Save the Davidson Barn

...Once and Future Community Center

Davidson Barn will be at home on Lake Road

Published in the Woodford Chronicle, June 17, 2015, page 4.

When you drive around the lake on curvy Lake Road you pass a section that is lined with lilac bushes. They are so thick that when they're leafed out, you can't see through them to glimpse the lake. That area of the lake is called South Point, and it's much bigger than you would think. The area is currently used mostly by fishermen and the ever-present Canada geese.

At the June 6 meeting of the Eureka City Council's Enterprise Committee, the selection of South Point for the construction of the Davidson Barn Community Center was approved. With this approval the Barnstorming board can move ahead with site plans, architectural drawings, a business plan, and fund raising.

Two architects have presented ideas for use of the space. The two concepts are included below.

The Davidson barn was constructed in 1838 by Caleb Davidson whose farmstead was northwest of Eureka. Protected over the years by metal siding and roof, it has withstood the weather and time and is basically structurally sound. For the first 50 years of its life it served as a barn but also as a community gathering place whenever a large space was needed. Unnumbered church services, pot lucks, husking bees and parties have been held on its threshing floor. Thast floor will once again feel the tramp of happy feet when the barn is restored and put to use as a community gathering place.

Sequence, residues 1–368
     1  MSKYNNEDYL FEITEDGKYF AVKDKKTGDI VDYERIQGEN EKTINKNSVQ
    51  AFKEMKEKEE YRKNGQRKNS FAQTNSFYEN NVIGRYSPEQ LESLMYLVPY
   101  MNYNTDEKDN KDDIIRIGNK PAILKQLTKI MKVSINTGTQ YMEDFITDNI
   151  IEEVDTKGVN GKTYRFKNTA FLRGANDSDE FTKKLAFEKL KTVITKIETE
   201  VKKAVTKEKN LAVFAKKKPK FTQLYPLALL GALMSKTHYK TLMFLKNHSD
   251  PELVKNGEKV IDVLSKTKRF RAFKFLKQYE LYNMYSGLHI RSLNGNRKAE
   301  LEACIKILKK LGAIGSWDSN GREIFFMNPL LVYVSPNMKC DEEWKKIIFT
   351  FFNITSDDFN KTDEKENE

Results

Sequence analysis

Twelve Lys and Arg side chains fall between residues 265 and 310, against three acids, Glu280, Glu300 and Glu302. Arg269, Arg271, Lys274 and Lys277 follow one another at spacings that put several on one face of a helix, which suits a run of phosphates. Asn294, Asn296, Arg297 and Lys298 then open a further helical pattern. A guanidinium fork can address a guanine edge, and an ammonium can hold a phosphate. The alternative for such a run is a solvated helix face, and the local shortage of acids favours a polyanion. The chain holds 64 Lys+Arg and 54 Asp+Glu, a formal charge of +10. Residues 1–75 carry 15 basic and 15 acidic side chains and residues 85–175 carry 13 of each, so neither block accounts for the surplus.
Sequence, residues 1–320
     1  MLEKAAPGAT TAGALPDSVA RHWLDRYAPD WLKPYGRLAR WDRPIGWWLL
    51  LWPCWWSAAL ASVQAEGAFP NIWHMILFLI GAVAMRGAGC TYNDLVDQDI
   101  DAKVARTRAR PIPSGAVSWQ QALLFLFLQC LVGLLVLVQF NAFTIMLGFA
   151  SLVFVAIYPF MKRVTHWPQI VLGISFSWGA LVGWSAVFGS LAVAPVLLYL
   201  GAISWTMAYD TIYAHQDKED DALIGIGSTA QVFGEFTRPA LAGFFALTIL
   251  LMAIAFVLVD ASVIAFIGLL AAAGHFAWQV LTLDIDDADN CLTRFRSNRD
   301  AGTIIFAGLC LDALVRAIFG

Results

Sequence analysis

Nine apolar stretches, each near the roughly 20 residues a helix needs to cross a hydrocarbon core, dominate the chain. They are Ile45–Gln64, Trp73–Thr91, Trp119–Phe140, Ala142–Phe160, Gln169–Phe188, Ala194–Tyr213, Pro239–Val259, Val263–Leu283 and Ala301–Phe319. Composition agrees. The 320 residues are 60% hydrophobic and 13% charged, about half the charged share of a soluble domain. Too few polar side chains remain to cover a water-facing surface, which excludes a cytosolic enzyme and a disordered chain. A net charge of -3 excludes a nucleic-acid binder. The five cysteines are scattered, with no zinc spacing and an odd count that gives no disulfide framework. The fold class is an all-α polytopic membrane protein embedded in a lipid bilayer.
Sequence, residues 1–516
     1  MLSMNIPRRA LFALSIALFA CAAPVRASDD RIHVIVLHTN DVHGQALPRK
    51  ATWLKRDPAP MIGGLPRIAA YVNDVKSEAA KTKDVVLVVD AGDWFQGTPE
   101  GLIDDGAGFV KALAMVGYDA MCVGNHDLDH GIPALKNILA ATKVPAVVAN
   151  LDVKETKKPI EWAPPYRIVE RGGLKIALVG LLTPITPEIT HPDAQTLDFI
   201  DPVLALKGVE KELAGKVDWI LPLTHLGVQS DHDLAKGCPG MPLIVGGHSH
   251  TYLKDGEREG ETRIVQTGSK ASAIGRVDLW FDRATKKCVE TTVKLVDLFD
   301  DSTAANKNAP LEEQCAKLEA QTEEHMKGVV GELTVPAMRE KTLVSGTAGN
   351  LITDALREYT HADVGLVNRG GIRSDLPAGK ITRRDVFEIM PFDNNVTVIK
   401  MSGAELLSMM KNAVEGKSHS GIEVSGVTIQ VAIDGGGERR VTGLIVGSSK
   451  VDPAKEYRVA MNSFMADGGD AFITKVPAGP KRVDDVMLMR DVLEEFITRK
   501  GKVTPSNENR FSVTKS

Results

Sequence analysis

It is expected that it will be a prime location for receptions, reunions, concerts, meetings and exhibits, to say nothing of being a prime location for watching the July 4 fireweorks.

The Barnstorming board has set a target opening date of 2018. There's much to be done to meet that goal. Anyone who would like to help with the project should contact Chairman Steve Colburn, 309-467-3144 (after July 13) or email

Plan 1.    Conceptual Site Plan. The two plans shown differ primarily in parking arrangements. The final plan will seek to best adapt to the existing terrain and to preserve existing trees. Prepared by architect Paul Young, Young Architects."

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Barnstorming, Inc.